This report examines several legal issues that should be addressed before establishing economic instruments for environmental protection. Economic instruments are tools created by law which either encourage improved environmental behavior or discourage environmentally damaging activities such as pollution. Many environmental organizations advocate improving Canada's existing environmental laws by using economic instruments such as deposit refund systems, subsidies and discharge fees in combination with traditional regulatory approaches.
Canadian environmental law currently consists largely of regulations and permits or licenses which prohibit industries from exceeding permissible levels of discharges. Breaches of these regulations are punished through fines and criminal law sanctions. This "command and control" approach to regulation has successfully reduced pollution from many sources, but cannot overcome obstacles to effective regulation in areas where enforcement is difficult.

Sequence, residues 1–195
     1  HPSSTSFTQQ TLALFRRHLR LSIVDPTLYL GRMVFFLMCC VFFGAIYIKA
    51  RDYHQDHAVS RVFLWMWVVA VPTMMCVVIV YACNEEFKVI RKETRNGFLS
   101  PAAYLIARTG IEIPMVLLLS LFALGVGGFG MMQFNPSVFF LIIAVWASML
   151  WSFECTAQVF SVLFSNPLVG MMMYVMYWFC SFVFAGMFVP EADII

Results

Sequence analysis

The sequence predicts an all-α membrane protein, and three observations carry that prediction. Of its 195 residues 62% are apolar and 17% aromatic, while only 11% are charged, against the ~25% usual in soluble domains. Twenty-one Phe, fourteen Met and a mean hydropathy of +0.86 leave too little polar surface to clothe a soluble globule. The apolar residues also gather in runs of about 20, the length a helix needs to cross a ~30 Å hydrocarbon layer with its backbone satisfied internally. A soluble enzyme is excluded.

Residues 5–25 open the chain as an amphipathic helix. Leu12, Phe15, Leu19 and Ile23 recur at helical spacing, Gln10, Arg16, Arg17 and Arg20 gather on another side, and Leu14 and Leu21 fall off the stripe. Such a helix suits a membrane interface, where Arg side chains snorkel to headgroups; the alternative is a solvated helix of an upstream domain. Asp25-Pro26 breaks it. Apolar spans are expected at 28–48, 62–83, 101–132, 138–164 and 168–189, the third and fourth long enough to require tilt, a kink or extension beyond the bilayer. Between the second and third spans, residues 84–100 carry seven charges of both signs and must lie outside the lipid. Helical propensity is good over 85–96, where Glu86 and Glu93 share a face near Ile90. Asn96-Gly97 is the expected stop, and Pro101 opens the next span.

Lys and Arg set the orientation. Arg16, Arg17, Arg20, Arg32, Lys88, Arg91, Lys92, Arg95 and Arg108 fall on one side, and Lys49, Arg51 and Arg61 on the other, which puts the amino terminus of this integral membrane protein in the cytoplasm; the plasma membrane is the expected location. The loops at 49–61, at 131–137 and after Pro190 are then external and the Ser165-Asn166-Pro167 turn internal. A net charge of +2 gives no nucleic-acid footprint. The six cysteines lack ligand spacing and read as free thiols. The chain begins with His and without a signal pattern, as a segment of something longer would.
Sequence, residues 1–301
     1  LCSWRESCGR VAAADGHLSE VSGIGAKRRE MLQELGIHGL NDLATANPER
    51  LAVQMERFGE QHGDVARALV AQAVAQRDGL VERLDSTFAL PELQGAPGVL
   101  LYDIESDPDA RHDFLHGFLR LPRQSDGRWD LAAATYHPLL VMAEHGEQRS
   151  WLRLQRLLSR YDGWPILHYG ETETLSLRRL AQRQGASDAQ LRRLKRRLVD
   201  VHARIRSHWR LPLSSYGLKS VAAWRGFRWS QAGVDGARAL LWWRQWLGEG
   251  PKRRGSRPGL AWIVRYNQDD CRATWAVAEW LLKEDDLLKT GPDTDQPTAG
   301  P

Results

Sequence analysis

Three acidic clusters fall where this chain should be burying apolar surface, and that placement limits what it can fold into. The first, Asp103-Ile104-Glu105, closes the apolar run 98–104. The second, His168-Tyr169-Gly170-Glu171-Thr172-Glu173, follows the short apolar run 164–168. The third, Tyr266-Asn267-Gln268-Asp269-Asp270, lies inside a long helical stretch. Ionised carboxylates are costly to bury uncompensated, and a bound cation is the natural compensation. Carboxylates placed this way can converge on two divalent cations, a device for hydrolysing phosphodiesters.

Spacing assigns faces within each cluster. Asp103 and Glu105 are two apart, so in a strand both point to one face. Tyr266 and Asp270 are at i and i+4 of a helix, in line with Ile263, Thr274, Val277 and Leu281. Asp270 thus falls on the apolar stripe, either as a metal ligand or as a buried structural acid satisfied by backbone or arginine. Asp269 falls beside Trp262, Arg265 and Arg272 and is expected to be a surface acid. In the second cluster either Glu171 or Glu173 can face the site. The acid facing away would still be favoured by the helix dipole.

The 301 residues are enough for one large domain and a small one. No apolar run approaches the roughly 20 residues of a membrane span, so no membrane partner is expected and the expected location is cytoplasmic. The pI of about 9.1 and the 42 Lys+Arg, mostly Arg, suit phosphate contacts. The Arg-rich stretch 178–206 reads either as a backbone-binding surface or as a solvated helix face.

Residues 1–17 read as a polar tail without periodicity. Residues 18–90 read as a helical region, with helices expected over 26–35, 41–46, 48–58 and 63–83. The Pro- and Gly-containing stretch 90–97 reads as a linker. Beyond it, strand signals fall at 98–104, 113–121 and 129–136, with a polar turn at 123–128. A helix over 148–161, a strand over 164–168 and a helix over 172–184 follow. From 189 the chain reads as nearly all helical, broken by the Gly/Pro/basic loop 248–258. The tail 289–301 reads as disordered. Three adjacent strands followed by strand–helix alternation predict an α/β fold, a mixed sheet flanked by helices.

This report looks at three economic instruments which are intended to improve environmental protection:
- discharge fees.
- deposit refund systems.
- tradeable permit systems.
Also, administrative penalties and ticketing are examined.
The legal issues examined include: which level of government has the constitutional ability to adopt these instruments; what provisions must be included in statutes that establish these instruments; potential administrative and constitutional law challenges to economic instruments laws and implementation and how to prevent them; and challenges to economic instruments based on international trade law.